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Predator and Prey: A Conversation in Verse

Best Seller
Predator and Prey: A Conversation in Verse by Susannah Buhrman-Deever
Hardcover $18.99
Apr 09, 2019 | ISBN 9780763695330

Also available from:

  • Apr 09, 2019 | ISBN 9780763695330 | 6-9 years

    Also available from:

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Product Details


Predator and prey face off in a battle of poems…Text boxes supplement the poems and illustrations with information about the animals, and clever gatefolds in some spreads allow Kitchen’s sumptuous illustrations full command by tucking the text inside the folds. An effective presentation of science through poetry, art, and stellar bookmaking.
—Kirkus Reviews (starred review)

Kitchen’s realistic watercolor and gouache illustrations, occasionally presented on gatefold spreads, match the verses’ directness, adroitly showing these creatures and their environments by rendering fine details such as tangled ribbons of grass, geometrically patterned scales, and the brushy texture of a squirrel’s tail.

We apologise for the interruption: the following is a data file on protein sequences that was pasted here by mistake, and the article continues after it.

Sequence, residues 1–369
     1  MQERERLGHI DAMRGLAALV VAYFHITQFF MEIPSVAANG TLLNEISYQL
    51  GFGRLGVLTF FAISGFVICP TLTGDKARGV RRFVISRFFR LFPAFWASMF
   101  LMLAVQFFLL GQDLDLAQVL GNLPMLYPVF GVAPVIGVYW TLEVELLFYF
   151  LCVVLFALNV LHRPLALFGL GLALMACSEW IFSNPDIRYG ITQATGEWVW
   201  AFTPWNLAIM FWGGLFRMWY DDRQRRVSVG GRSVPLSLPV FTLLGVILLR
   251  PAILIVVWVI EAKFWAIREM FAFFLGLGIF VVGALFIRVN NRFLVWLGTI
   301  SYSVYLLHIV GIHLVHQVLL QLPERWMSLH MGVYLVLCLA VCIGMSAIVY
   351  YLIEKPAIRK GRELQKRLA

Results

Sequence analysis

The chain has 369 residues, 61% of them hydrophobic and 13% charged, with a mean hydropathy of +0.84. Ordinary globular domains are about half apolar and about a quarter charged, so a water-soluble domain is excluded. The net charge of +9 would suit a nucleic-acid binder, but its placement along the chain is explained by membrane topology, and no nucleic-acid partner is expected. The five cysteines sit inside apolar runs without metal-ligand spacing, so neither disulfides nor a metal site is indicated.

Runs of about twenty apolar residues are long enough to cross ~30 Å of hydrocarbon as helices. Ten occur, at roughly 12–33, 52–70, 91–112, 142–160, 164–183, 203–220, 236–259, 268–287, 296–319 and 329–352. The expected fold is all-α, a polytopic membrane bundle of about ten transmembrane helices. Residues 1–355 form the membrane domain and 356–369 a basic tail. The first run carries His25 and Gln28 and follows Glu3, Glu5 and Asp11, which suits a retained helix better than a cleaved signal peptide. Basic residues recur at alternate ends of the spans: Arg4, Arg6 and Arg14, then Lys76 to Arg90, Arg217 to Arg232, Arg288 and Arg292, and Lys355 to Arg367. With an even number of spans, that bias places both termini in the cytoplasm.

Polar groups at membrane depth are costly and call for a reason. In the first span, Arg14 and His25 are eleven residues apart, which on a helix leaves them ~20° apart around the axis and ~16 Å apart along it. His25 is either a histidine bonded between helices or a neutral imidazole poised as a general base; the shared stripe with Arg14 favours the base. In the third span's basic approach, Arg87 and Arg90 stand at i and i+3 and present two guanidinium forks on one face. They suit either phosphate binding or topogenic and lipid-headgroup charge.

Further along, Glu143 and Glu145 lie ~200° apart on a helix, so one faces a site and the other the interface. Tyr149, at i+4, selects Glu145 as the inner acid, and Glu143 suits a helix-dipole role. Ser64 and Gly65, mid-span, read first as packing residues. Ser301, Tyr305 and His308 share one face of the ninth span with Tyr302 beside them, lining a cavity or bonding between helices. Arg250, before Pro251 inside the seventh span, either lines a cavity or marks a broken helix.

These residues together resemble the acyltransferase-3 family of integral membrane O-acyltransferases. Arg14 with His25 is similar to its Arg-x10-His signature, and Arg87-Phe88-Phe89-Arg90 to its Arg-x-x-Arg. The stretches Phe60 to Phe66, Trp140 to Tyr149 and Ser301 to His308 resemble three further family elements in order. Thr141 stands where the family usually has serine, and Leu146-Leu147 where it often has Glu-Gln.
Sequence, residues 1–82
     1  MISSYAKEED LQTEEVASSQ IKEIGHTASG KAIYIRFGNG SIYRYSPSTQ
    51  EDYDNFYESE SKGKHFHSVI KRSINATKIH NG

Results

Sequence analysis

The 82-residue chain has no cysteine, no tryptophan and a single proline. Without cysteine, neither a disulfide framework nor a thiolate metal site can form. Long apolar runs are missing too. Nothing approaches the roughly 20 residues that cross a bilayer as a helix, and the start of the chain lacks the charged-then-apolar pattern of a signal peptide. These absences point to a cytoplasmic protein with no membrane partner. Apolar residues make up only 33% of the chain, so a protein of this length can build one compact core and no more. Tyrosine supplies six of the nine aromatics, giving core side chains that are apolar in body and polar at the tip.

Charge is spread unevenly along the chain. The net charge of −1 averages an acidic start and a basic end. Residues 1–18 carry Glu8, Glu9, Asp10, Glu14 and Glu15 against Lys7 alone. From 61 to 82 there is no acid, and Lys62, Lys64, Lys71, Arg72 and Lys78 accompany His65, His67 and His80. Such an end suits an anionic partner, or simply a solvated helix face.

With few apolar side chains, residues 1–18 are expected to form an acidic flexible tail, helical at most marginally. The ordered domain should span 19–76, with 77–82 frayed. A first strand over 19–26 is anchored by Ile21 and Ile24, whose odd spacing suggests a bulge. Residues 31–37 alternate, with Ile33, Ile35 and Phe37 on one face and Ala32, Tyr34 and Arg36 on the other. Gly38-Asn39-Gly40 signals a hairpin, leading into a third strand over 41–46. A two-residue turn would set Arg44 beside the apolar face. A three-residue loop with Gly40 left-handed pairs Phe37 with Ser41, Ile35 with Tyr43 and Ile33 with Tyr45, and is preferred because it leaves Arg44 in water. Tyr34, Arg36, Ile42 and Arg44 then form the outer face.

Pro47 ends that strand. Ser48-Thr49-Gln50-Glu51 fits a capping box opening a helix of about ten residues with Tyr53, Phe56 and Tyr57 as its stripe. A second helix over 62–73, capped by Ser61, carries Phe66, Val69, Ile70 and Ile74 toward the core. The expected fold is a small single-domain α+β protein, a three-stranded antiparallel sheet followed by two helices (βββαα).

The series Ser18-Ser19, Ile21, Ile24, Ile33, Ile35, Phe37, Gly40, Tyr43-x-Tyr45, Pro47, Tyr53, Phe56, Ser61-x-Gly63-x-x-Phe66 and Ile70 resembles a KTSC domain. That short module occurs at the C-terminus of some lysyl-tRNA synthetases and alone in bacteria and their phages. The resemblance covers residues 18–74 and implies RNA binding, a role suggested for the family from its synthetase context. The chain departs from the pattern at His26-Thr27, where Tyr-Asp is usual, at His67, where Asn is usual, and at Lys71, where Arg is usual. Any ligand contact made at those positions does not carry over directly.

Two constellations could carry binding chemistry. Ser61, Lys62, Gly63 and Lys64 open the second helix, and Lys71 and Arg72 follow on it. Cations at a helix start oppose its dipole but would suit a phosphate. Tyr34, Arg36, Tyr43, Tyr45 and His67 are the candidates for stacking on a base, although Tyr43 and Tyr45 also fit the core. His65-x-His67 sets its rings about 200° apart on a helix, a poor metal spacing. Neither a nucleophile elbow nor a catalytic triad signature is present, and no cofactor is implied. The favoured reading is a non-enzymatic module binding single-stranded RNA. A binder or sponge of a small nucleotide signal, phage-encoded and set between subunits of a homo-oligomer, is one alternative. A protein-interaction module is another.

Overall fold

—Publishers Weekly

Content and cadence are cleverly aligned with the actual behaviors of the animals, and the structure and layouts of the poems also echo traits of the creatures: the words in the blue jay poem are spaced apart, and readers must move their heads back and forth to read them, mimicking the jay’s head movements as it ponders its choice of meal. Illustrations are in soft-focus, with stippled green and brown landscapes, though some of the animals are hard to spot within these environs.
—The Horn Book

Two voices are needed for many of the poems in ‘Predator and Prey’ (Candlewick, 24 pages, $18.99), a picture book for children ages 6-9 written by biologist Susannah Buhrman-Deever, with muted watercolor and gouache paintings by Bert Kitchen. Each page spread captures a fraught moment of confrontation between relatively unsung opponents. So we don’t see that well-known fellow, the lion, stalking a smaller mammal in the veldt; rather, here are face-offs between creatures such as the Sharp-Shinned Hawk and the Chickadee, and the Pacific Rattlesnake and the Ground Squirrel.
—The Wall Street Journal

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